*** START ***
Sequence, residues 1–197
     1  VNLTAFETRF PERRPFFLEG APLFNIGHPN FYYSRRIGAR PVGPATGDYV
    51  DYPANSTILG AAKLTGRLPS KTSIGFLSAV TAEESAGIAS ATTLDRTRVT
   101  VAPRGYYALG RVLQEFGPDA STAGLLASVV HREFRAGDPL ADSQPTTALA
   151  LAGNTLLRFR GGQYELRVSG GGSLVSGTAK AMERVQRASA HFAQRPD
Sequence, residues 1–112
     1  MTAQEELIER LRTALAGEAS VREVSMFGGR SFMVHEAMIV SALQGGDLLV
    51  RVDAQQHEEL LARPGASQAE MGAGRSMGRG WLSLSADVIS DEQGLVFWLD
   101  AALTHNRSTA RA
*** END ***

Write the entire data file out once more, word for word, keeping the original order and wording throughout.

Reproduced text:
Sequence, residues 1–197
     1  VNLTAFETRF PERRPFFLEG APLFNIGHPN FYYSRRIGAR PVGPATGDYV
    51  DYPANSTILG AAKLTGRLPS KTSIGFLSAV TAEESAGIAS ATTLDRTRVT
   101  VAPRGYYALG RVLQEFGPDA STAGLLASVV HREFRAGDPL ADSQPTTALA
   151  LAGNTLLRFR GGQYELRVSG GGSLVSGTAK AMERVQRASA HFAQRPD
Sequence, residues 1–112
     1  MTAQEELIER LRTALAGEAS VREVSMFGGR SFMVHEAMIV SALQGGDLLV
    51  RVDAQQHEEL LARPGASQAE MGAGRSMGRG WLSLSADVIS DEQGLVFWLD
   101  AALTHNRSTA RA